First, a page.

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  Talk Elections
  Presidential Elections - Analysis and Discussion
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  Americas 51st and 52nd States?
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Author Topic: Americas 51st and 52nd States?  (Read 20506 times)
KEmperor
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« Reply #50 on: December 08, 2006, 06:00:10 am »


If there's one thing that Quebeckers hate more than Canada, it's the United States.


The United States, perhaps, but I don't believe they hate Americans. Whenever I have travelled throughout Quebec just as soon as people understand that I am not from Ontario (I grew up in Michigan and still sound like I could be from Ontario) they have been very friendly and quite understanding that I don't speak French.

I havent had much problems in Quebec, but then again I dont venture off into the separatist areas.

I'm curious, how does the separatist mood break down geographically?
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Hatman 🍁
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« Reply #51 on: December 08, 2006, 01:48:52 pm »


If there's one thing that Quebeckers hate more than Canada, it's the United States.


The United States, perhaps, but I don't believe they hate Americans. Whenever I have travelled throughout Quebec just as soon as people understand that I am not from Ontario (I grew up in Michigan and still sound like I could be from Ontario) they have been very friendly and quite understanding that I don't speak French.

I havent had much problems in Quebec, but then again I dont venture off into the separatist areas.

I'm curious, how does the separatist mood break down geographically?

Here's a map of the 1995 referendum

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Padfoot
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« Reply #52 on: December 08, 2006, 10:41:45 pm »

why was Montreal so anti-independence?
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« Reply #53 on: December 08, 2006, 11:26:02 pm »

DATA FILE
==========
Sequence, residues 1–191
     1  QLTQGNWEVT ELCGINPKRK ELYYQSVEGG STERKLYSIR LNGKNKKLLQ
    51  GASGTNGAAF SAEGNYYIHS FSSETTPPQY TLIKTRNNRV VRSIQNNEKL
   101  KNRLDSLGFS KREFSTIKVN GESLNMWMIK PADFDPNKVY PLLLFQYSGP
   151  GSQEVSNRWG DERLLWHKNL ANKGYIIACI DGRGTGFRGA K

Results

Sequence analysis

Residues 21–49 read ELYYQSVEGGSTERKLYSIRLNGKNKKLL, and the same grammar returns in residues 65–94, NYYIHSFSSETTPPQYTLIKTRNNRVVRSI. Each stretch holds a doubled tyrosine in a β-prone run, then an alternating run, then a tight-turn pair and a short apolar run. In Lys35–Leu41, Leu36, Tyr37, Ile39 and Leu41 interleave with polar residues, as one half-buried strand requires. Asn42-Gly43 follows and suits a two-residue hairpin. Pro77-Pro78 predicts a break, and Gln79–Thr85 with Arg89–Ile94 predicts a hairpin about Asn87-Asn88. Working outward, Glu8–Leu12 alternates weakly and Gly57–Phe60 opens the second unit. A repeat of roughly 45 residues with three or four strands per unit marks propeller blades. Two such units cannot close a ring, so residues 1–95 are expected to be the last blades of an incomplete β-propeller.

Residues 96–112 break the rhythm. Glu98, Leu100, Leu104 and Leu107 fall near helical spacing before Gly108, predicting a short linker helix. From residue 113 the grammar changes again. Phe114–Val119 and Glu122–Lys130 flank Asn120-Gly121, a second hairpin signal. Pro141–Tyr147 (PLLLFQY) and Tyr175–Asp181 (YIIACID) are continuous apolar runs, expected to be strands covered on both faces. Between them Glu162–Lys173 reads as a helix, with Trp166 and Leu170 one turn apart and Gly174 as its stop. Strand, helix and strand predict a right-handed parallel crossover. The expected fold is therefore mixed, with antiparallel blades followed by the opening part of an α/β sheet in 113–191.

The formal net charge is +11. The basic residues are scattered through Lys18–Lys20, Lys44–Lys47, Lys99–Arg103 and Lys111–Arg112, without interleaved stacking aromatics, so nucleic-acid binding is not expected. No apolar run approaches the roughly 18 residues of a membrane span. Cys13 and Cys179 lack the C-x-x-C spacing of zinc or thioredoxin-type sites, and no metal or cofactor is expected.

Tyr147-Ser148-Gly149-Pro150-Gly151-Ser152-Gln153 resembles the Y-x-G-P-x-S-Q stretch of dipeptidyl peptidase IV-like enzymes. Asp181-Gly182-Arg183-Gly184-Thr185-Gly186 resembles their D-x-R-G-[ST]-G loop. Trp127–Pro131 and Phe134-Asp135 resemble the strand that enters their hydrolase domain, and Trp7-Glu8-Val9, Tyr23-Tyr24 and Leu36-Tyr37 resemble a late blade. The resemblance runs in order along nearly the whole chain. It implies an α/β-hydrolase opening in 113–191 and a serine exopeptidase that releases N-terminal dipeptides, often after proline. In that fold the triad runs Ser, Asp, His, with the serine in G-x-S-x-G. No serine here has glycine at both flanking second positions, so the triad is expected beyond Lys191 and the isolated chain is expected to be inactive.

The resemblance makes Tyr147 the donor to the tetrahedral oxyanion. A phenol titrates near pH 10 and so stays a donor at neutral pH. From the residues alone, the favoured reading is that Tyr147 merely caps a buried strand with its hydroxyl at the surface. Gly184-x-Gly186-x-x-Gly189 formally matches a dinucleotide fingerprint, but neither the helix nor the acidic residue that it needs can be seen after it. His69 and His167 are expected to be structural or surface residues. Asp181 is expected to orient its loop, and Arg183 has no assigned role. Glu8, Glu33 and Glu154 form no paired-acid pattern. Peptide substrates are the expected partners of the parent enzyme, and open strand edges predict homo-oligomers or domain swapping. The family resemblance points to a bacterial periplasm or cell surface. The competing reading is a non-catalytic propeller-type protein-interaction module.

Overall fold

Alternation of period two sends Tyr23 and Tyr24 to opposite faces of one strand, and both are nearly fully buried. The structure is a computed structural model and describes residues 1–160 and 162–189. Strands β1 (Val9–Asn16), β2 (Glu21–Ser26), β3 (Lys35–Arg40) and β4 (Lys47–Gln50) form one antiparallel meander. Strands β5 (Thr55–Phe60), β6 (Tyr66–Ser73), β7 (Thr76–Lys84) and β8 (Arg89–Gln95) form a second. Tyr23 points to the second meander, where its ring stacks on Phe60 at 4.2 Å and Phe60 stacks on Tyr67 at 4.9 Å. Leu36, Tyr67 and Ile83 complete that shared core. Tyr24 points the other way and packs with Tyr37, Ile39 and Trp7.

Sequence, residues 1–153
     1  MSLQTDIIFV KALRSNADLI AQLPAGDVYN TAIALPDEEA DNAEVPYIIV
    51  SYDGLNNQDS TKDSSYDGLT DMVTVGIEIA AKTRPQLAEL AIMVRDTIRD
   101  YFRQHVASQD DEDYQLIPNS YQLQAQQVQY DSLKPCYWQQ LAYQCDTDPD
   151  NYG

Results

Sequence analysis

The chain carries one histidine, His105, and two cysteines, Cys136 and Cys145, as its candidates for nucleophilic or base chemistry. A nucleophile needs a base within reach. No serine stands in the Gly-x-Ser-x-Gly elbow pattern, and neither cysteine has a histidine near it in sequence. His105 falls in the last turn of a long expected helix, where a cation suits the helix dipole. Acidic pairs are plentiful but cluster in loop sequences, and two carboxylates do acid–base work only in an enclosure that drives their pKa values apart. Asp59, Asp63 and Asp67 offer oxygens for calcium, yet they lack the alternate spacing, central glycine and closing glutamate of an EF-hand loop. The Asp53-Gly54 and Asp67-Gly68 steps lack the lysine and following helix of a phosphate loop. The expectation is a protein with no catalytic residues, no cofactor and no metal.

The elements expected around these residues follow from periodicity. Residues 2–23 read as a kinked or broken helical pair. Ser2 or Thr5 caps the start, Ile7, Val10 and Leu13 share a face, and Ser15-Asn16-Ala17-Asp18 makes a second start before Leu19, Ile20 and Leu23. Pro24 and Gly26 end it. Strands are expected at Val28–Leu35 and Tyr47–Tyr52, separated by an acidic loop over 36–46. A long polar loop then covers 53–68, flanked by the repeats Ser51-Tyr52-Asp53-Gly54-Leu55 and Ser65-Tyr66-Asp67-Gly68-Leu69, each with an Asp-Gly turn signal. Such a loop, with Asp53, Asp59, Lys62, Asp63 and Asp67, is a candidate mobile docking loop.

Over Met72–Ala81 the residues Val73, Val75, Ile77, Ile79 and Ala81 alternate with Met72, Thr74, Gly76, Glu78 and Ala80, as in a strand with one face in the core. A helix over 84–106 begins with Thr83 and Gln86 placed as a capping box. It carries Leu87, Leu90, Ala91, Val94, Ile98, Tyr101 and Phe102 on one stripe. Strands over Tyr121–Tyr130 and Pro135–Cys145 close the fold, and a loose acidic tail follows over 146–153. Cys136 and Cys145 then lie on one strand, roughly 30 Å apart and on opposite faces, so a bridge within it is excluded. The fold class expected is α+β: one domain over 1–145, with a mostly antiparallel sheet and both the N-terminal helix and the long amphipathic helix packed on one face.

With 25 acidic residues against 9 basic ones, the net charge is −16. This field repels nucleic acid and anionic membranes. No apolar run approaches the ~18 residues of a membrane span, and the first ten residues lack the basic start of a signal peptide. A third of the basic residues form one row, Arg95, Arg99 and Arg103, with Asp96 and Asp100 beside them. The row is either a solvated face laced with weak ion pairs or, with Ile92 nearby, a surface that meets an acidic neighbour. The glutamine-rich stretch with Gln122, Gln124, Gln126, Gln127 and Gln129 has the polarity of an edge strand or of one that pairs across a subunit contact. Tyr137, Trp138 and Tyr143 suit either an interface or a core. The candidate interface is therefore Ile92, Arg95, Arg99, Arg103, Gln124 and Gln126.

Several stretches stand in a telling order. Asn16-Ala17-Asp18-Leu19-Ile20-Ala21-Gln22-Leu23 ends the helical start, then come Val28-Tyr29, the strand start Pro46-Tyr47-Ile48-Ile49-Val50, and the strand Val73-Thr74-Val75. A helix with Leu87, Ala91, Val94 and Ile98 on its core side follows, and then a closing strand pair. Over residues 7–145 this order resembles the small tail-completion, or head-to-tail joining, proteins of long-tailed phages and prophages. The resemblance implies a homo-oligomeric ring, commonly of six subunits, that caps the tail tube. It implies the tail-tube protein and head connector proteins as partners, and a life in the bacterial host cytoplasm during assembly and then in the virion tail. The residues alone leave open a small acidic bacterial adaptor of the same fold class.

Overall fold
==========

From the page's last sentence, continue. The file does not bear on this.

why was Montreal so anti-independence?

Lots of anglos and lots of immigrants.
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Mr. Morden
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« Reply #54 on: December 08, 2006, 11:38:29 pm »

I would guess Puerto Rico and DC as the next two states most likely to join.  DC was actually very close to becoming a state in the 70's and I think that with Democrats now controlling Congress and a majority of state legislatures it could happen in the near future.  It appears as though the 110th will at least be giving DC a real representative instead of a non-voting delegate.  Many top Democrats have said that a proposed bill to give DC a vote and Utah a new vote will be a high priority for the 110th Congress since it appears unlikely that the 109th will get to it this year.

Just out of curiosity, what is required for this to happen, to give an extra House seat to both DC and Utah?  Would it just be a bill passed into law through the legislative process (passed by both members of Congress, and signed by the President)?  No additional hoops to jump through in order to expand the size of Congress, and even award House seats to a district that is not a state?
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« Reply #55 on: December 09, 2006, 01:59:42 am »

I would guess Puerto Rico and DC as the next two states most likely to join.  DC was actually very close to becoming a state in the 70's and I think that with Democrats now controlling Congress and a majority of state legislatures it could happen in the near future.  It appears as though the 110th will at least be giving DC a real representative instead of a non-voting delegate.  Many top Democrats have said that a proposed bill to give DC a vote and Utah a new vote will be a high priority for the 110th Congress since it appears unlikely that the 109th will get to it this year.